Donald Trump ended up in the White House largely thanks to the support of evangelical Christian voters. But the Trump administration can’t count on one of the most influential and vocal Christian broadcasters in the country to support its drug policies.
“These people are ‘tough on crime.’ That’s nonsense. Our country is groaning under the weight of incarceration,” televangenlist Pat Robertson said on Monday, referring to a move last week by U.S. Attorney General Jeff Sessions that directed federal prosecutors to seek the harshest charges possible in many drug cases.
“These things are insane. And the idea of making it tougher instead of changing it, we ought to take away those mandatory minimums and let judges have some discretion so that they can deal with the cases as they arise,” Robertson said on his 700 Club program on the Christian Broadcasting Network. “We just must do something to stop the incarceration of all these people. And for the attorney general to say let’s enforce every law that Congress has made, dear me. Congress has gone overboard on this tough on crime stuff.”
Robertson also called attention to the racial disparate enforcement of drug laws. “It falls disproportionately on the minorities, on the poor, on the urban blacks, etcetera,” he said. “It’s just not fair, and it’s time something is done to change the laws.”
In a separate move in February, Sessions rescinded an Obama-era move to phase out the use of private prisons. Robertson isn’t happy with that, either.
“It’s just outrageous. And our jails are full. We can’t afford it. It’s unproductive,” he said. “We were farming it out to private businesses and they were getting paid on the number of people they could get locked up and keep locked up. This is insane.”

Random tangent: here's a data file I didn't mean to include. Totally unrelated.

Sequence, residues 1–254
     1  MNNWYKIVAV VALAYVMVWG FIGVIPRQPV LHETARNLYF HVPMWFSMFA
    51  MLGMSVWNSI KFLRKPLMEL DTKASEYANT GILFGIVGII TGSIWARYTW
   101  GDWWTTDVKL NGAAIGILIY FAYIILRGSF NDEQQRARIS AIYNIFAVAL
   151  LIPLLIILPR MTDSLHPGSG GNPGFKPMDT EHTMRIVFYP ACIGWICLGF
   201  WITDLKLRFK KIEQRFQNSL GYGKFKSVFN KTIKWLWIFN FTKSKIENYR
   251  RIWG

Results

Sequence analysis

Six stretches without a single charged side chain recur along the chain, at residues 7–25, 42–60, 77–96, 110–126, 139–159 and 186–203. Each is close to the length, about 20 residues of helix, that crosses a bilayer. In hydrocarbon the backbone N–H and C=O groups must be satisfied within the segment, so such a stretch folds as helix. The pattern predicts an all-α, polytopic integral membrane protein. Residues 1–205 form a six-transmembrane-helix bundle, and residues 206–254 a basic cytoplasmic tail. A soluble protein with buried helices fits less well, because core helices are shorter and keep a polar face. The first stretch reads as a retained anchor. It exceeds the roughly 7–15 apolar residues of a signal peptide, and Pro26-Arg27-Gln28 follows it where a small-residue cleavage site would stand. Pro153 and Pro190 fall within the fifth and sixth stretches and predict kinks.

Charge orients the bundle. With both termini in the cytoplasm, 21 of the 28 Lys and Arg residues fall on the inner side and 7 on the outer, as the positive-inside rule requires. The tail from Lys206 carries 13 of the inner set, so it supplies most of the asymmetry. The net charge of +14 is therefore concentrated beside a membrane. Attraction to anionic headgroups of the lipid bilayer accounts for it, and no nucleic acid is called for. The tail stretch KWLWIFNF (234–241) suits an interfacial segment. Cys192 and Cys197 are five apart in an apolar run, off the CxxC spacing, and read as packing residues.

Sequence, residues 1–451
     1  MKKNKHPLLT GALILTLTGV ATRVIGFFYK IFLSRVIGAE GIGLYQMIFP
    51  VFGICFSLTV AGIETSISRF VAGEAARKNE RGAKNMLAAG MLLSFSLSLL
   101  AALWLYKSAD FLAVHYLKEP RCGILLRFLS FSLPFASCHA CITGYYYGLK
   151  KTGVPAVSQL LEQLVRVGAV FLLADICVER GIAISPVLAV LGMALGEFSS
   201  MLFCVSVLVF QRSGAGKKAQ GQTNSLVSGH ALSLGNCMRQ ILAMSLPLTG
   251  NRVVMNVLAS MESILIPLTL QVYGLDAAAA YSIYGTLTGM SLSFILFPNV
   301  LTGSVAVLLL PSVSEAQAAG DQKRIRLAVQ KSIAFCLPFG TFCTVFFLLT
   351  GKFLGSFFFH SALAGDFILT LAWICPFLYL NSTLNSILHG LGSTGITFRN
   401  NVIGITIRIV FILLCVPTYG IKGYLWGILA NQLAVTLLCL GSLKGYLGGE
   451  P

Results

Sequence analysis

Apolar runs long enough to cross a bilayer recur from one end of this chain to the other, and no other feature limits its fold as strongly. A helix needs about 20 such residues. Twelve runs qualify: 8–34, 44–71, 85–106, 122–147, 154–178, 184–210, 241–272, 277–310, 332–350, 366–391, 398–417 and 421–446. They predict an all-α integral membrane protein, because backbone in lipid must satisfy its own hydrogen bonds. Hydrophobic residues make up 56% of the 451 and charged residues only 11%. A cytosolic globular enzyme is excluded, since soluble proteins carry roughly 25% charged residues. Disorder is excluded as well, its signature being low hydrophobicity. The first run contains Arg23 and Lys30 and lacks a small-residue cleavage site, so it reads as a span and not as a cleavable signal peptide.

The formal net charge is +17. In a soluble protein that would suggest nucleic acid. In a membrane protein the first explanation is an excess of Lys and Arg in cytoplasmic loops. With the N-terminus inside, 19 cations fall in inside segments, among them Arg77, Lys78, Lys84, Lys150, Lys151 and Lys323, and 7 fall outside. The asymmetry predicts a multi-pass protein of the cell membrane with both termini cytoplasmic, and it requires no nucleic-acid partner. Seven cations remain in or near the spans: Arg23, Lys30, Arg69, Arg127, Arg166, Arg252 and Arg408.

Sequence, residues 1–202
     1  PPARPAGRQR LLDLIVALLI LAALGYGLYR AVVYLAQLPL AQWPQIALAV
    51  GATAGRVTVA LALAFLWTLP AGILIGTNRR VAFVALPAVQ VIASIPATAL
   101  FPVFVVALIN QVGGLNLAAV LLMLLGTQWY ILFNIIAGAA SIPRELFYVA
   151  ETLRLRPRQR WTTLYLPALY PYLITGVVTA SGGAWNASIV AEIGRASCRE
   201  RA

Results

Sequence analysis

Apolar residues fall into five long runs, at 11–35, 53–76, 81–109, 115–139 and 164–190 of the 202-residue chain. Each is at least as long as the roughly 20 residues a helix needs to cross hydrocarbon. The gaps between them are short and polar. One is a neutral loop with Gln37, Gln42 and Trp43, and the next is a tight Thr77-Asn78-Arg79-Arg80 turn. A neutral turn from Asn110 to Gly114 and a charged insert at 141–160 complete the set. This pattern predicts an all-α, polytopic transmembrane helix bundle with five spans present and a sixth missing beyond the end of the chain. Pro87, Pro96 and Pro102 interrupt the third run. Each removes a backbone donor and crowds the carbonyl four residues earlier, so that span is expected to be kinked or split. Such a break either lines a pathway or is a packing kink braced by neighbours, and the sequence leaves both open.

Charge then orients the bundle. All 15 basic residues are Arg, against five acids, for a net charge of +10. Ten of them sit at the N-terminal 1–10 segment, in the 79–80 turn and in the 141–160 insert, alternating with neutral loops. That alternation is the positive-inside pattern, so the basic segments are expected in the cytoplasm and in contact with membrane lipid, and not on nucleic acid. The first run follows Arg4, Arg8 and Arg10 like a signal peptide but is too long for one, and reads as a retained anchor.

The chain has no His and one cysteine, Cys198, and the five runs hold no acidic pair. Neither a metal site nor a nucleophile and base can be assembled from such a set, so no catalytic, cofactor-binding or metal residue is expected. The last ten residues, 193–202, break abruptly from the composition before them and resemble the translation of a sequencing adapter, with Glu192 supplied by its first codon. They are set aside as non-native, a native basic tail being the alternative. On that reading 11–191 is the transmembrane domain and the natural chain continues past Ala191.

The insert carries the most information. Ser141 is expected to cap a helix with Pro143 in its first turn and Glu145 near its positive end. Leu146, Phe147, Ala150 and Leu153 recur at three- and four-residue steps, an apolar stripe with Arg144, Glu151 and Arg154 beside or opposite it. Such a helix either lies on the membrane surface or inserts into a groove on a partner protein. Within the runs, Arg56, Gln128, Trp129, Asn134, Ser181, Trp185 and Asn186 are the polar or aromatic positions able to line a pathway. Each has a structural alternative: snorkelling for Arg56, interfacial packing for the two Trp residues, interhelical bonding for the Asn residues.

The epic criminal justice reform rant isn’t the first time the former Southern Baptist minister has spoken up about the issue. In 2012, he endorsed legalizing marijuana, saying it should be treated “the way we treat beverage alcohol,” adding that he “absolutely” supported that year’s Colorado and Washington State ballot measures to end prohibition.
While he walked the comments back two years later, he has since maintained support for simple “decriminalization” of cannabis.
Robertson has ranted about America’s overincarceration problem on the 700 Club on other occasions, too, including in 2012 when he said, “It’s time we stop locking up people for possession of marijuana. We just can’t do it anymore… You don’t lock ’em up for booze unless they kill somebody on the highway.”
The new Sessions Justice Department memo has been widely panned on both sides of the aisle.
See below for a roundup of some of the criticism:
U.S. Sen. Rand Paul (R-KY): “Mandatory minimum sentences have unfairly and disproportionately incarcerated too many minorities for too long. Attorney General Sessions’ new policy will accentuate that injustice.”
U.S. Sen. Patrick Leahy (D-VT): “The Attorney General’s new sentencing policy is an ideologically motivated attempt to resurrect the failed policies of the War on Drugs. Make no mistake, low-level offenders will spend years and even decades more in prison. This will not make us safer — quite the opposite, it will strip critical public safety resources away from targeting truly violent criminals in order to house nonviolent drug offenders.”